|Cheered by Bowers of Nasturtiums|
The Flower Fields at Carlsbad Ranch only opens to the public for a short while, a spring delight, this season from March 1 to May 10, Mother's Day.
My apartment complex had scheduled an outing, and I'd hesitated to sign up. I had errands to run, books to read, stories to write. Could I spare an entire day for the trip? I decided I'd better. I'd been having a sad few days because of a post office mishap, a lost birthday gift, so welcomed a chance to brighten my vista. The online post office tracking notice showed the time and date of the alleged delivery. But my friend, the birthday girl, who had been home at the time, claimed no such delivery had been made. She searched her front porch and even asked a neighbor. No, the package simply wasn't there.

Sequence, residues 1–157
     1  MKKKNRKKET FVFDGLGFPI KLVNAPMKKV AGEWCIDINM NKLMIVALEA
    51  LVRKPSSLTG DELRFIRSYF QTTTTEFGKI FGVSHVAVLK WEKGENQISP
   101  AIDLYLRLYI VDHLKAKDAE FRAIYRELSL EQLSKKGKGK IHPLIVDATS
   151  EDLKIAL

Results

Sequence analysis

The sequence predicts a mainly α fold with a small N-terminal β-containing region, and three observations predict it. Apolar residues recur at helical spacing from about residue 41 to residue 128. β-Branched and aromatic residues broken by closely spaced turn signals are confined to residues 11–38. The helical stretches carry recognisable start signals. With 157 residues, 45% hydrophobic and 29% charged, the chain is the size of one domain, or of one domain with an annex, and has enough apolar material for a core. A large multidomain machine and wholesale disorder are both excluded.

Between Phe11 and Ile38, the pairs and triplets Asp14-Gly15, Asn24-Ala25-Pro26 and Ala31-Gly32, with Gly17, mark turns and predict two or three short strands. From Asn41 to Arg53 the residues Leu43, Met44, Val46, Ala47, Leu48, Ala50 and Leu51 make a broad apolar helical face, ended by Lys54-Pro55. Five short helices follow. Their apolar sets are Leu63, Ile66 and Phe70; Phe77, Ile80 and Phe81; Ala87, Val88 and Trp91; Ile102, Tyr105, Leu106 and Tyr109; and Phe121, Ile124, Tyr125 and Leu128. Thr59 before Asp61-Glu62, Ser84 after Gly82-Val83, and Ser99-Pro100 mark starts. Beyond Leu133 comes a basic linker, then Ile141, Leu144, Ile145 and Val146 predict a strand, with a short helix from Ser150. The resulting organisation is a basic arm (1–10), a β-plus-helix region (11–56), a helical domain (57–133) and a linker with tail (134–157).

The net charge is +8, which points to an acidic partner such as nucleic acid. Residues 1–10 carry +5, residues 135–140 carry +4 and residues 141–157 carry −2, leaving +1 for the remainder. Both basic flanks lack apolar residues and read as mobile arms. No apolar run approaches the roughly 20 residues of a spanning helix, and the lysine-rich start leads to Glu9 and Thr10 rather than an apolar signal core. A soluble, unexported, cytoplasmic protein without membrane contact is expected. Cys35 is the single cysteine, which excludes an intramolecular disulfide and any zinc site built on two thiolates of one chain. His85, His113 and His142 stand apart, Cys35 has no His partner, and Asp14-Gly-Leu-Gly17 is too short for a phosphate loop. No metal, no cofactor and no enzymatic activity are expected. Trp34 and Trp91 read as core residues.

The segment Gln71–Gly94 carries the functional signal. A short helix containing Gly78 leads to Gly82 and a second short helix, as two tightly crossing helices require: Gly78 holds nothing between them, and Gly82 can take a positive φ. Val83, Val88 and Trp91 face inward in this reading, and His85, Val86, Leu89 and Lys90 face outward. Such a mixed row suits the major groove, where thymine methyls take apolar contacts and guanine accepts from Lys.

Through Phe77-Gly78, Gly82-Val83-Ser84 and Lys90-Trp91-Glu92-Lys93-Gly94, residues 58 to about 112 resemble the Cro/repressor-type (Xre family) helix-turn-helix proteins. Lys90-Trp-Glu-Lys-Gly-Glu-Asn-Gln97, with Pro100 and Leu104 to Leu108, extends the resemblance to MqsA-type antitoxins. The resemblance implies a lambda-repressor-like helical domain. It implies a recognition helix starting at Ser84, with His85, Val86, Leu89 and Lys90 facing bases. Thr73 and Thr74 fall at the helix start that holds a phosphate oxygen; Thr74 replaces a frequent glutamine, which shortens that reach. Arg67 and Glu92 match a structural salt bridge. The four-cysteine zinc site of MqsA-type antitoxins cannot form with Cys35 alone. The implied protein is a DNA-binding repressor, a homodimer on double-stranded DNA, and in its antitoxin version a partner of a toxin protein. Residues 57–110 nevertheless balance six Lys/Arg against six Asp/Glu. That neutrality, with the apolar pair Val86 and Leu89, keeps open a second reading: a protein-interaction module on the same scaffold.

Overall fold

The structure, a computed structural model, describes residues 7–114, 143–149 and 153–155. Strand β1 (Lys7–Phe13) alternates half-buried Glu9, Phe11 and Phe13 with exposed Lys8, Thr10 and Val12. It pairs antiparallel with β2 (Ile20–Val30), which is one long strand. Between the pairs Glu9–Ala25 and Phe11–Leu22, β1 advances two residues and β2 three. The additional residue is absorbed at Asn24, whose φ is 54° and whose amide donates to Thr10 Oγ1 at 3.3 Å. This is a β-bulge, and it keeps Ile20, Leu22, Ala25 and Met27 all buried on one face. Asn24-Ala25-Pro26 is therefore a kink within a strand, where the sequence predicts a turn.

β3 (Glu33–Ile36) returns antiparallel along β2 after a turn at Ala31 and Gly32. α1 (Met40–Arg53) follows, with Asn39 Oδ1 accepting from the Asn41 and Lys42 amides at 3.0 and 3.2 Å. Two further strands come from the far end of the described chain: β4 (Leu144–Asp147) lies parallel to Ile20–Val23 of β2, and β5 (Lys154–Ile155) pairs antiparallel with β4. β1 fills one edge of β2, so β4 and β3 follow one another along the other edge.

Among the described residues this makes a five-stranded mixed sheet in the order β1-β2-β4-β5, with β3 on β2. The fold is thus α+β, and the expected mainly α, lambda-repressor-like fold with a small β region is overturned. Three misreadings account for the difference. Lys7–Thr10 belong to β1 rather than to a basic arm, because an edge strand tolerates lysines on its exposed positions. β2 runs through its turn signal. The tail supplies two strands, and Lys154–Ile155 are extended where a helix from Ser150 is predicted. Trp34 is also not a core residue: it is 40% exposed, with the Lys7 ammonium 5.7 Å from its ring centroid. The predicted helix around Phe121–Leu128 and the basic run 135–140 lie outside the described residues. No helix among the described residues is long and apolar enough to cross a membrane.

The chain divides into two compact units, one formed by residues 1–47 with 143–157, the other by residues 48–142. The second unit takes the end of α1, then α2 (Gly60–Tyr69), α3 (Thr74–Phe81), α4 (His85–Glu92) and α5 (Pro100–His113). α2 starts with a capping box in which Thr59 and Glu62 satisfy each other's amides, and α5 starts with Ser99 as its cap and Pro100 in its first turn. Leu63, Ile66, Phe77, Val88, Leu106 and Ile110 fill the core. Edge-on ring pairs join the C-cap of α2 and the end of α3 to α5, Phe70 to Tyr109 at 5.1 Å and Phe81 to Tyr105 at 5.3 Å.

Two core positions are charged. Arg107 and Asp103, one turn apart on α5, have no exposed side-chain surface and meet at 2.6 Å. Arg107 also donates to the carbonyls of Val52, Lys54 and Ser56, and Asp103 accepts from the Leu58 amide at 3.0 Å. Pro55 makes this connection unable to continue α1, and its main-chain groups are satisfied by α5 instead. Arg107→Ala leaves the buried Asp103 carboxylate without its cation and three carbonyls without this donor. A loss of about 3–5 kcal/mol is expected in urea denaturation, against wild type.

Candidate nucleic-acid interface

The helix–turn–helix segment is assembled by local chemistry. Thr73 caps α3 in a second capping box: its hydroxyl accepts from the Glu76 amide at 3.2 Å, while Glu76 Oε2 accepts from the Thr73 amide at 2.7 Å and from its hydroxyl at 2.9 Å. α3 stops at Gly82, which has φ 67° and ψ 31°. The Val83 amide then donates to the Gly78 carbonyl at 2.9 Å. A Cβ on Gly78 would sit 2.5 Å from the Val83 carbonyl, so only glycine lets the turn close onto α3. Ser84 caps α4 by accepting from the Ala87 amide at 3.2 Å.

Oh, am I glad I went to The Flower Fields. Nothing can turn gloom into gaiety as thoroughly as the sight of fifty acres of giant tecolote ranunculous blooms cascading down a hillside, with the Pacific Ocean shimmering to the west. What's more, the tractor wagons bear names...and the one my apartment complex residents rode on was, aptly, Whistle a Happy Tune. Though I don't recall any whistling, certainly I heard choruses of ooha and aahs as we drove past such attractions as a cymbidium orchid greenhouse and a sweet pea maze, and gaped at an American flag made entirely of flowers.
After the ride, and before a picnic lunch, I sat for half an hour in The Artists' Garden, watching the caged birds and soaking up the color. I realized that I'd been wasting energy worrying about replacing a gift that had gone astray. Instead, I could bask in the beauty of a Southern California spring day. We all shine on.
A couple of days later I learned that my AWOL package mysteriously reappeared, discovered in its intended recipient's mailbox, thanks to a random act of kindness by an unknown person. Now that's a story in itself. I plan to call it "Whistle a Happy Tune."